Rough sleeping in Exeter reduced by almost two-thirds, new figures reveal

Rough sleeping in Exeter has gone down 62% in the space of a year according to the latest figures, the City Council has announced.

A count in the early hours of 9 November 2021 found 14 people sleeping rough on the streets of the city. Figures for the same count in 2020 were 37.

Of the 14 people who were found sleeping out during the November 2021 count, all have since been offered accommodation and only three currently remain on the streets. 

Cllr Ruth Williams, Lead Councillor for Supporting People said: “This is testament to the tireless work across the city and our commitment to end rough sleeping.”  

Exeter City Council’s Housing Options Service work closely with a commissioned outreach service delivered by Julian House to identify individuals sleeping rough. This is aided by a raft of support services across the city, including a specialist navigator service helping people from the streets into accommodation. All of these agencies work together as part of the Exeter Homeless Partnership with a vision to end homelessness in the city.

Colab Exeter, Clocktower Surgery and Together Devon Drug and Alcohol Service provide essential recovery services, and accommodation support is delivered by BCHA, Sanctuary Supported Living and Exeter City Community Trust. On top of this there is the daily emergency support provided by St Petrocks.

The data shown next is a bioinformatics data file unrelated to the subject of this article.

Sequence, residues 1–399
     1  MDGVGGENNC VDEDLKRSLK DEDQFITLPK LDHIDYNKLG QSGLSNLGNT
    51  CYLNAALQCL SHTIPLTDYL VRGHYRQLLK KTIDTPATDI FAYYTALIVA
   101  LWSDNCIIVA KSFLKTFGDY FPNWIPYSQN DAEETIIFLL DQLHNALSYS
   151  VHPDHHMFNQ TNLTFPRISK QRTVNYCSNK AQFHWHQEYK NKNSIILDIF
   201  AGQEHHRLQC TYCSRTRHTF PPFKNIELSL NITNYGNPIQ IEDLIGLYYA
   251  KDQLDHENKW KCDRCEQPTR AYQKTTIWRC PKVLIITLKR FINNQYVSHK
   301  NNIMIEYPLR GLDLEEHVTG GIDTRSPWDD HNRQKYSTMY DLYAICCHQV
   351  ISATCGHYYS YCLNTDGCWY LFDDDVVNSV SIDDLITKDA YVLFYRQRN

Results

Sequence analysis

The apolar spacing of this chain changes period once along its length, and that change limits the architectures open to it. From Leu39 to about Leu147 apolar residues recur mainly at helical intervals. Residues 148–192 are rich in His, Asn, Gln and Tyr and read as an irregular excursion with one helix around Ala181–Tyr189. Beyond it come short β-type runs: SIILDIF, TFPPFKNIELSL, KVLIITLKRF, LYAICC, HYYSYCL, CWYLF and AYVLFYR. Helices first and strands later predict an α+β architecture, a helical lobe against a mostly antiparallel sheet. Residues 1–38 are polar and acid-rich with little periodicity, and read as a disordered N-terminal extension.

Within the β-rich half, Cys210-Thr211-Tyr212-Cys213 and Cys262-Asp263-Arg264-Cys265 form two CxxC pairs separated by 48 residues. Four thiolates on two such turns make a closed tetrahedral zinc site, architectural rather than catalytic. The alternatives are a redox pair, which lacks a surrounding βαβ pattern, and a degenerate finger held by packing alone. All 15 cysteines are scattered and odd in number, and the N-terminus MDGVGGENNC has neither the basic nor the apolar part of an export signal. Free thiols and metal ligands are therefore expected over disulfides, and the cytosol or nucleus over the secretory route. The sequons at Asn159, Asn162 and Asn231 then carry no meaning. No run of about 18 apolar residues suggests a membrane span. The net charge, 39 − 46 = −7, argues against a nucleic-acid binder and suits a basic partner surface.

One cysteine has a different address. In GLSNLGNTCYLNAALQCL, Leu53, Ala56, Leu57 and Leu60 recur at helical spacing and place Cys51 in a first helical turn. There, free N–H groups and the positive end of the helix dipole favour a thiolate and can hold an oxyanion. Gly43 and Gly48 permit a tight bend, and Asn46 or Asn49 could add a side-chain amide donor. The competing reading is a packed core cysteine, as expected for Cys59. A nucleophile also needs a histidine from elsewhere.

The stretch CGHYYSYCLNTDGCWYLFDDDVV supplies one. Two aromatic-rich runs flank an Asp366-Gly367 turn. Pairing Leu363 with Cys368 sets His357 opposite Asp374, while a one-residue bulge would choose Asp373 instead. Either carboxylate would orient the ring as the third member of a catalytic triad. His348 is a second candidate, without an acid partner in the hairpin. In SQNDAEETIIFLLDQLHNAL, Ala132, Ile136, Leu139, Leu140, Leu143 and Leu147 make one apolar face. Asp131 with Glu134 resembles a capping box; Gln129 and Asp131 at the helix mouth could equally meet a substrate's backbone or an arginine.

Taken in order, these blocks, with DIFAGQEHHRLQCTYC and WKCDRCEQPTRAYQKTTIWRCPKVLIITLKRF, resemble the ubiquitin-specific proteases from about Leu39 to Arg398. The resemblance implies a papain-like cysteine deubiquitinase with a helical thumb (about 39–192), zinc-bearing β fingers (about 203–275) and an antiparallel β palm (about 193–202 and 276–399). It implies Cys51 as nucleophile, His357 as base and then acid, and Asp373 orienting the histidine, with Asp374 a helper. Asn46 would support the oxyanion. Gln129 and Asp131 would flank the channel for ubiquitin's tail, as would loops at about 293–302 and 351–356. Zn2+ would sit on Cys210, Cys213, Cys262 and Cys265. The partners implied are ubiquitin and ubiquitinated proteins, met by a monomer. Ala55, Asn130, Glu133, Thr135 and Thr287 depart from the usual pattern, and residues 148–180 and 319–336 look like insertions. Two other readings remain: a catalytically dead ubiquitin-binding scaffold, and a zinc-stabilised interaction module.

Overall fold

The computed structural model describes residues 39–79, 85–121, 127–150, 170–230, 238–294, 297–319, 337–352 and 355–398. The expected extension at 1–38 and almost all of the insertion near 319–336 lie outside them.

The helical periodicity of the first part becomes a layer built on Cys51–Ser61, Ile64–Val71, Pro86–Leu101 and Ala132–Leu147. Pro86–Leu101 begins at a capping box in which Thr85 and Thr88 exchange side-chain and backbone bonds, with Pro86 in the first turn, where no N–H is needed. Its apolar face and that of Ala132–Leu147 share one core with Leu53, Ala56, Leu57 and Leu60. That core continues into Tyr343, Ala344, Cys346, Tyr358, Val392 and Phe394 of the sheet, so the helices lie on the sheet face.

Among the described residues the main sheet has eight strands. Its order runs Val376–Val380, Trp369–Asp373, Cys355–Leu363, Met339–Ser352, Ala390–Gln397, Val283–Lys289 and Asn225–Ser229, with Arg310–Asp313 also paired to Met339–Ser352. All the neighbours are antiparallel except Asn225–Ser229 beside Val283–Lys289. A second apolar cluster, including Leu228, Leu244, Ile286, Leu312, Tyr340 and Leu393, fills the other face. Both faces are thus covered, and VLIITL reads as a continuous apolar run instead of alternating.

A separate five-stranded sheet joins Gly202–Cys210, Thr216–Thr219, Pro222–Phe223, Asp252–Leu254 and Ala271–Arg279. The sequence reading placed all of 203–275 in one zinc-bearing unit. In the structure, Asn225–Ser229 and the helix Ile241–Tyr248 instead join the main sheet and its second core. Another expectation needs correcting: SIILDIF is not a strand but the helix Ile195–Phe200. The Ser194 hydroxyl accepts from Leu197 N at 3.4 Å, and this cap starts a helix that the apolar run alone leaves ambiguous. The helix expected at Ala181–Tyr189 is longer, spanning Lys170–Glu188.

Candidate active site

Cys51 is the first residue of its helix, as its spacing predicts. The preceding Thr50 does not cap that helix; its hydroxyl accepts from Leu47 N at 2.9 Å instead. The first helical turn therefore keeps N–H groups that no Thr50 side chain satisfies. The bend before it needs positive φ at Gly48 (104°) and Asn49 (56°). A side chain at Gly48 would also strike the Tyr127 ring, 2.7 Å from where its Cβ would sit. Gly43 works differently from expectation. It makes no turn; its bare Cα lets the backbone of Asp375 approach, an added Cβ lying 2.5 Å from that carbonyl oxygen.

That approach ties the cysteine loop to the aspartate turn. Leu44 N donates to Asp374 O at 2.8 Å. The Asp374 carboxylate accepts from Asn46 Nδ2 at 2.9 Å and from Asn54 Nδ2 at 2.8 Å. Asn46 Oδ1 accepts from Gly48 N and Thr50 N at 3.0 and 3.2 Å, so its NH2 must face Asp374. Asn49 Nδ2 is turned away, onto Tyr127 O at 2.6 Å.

Cllr Williams said: “All these services have worked throughout COVID-19, providing essential support to some of our most vulnerable residents and have contributed to achieving the lowest rough sleeper count in the city for over a decade. 

Since the November count, additional people have lost accommodation and are rough sleeping and the numbers are currently at 13. 

“There is still much work to do but with additional properties coming online and a bid going into Department for Levelling Up, Housing and Communities for three years funding we are hopeful that numbers will continue to reduce,” added Cllr Williams.

 

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